You have the itch to play some golf, but it’s Winter and you have no vacation plans. So what is your next best option? Setting up a golf simulator at home. But, you’ve heard that indoor golf simulator prices can be quite high, even over $50,000, a bit outside your price range.
So what is a golfer to do? Well, the fact is, not all golf simulators cost over $50,000. Sure, the top of the line simulators found in the homes of PGA Tour pros will cost you that much. However, there are some great opportunities to get set up with a golf simulator at home for $10,000 or less.
The most popular indoor golf simulator is the Optishot2. The Optishot2 simulator buy itself is less than $400. This includes the sensor pad and software. You would still need a net, a stance mat in which the sensor pad will be placed, and a computer to operate the software. This is the most basic setup, and when you include a relatively inexpensive desktop computer, will run you under $1,500.
If you want to step it up to a system that is a little bit more similar to a commercial system, with an impact screen and projector, you can get set up with the Optishot2, and this other equipment for about $2,500.
Keep in mind, the Optishot2 golf simulator is the cheapest on the market for a reason…the sensor pad is not quite as sturdy as some of the more commercial oriented sensor pads, and it has far fewer infrared sensors than the P3ProSwing (16 for the Optishot vs. 65 for the P3ProSwing).
Speaking of the P3ProSwing…the unusual feature for this simulator is that you are required to tape your clubs with a special tape in order to allow the sensors in the sensor mat to track the club. P3ProSwing suggests that it is this tape that makes their simulator the most accurate among those that employ a sensor pad. Whether this is the case or not is debatable of course.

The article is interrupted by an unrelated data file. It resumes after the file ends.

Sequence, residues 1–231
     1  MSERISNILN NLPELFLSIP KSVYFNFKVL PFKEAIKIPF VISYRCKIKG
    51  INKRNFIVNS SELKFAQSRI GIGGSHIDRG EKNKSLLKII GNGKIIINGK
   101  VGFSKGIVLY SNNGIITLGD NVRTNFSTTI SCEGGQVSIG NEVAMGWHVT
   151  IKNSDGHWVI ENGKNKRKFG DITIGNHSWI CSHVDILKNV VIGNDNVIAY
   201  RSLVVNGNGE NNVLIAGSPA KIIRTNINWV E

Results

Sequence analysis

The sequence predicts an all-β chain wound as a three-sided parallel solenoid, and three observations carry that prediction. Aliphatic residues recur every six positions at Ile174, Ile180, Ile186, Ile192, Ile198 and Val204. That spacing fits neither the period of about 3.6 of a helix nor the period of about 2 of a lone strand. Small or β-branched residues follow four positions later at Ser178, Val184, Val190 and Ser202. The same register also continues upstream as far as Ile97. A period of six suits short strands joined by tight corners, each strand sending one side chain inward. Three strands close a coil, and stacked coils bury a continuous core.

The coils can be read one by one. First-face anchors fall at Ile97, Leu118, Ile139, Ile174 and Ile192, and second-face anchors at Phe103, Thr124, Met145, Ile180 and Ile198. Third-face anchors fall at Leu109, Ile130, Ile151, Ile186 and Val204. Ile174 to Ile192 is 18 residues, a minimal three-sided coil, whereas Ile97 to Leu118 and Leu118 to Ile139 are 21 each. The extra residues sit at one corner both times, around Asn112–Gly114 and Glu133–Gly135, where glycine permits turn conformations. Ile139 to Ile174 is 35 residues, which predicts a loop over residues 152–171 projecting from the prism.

In any event, the basic P3ProSwing simulator and software with 20 courses will cost about a thousand bucks. However, you can get set up with a simulator and software that offers 132 courses, plus a stance mat, full swing analytics and a projector for a little over $3,000. You’ll still need the computer and hitting center to have all the pieces in place, so you can get this set up put together for about $4,000 altogether.
The next level up from the P3ProSwing is the sensor pad and software that goes with the ProTee United simulator. That sensor pad alone will cost over $5,000, but it is heavy and durable, and more able to be included in a commercial set up. To get set up with an indoor golf simulator at this level, you’ll spend between $8,000 and $10,000 at the low end, and upwards of $15,000 for an indoor golf set up that almost provides you with that commercial feel.
And then from there, back we go to the premium brand simulators such as HD Golf, Full Swing Golf, About Golf, etc. Ultimately, as you can see, there is a golf simulator that can fit many budgets. Now all you need to do is make sure you have enough space for one at home!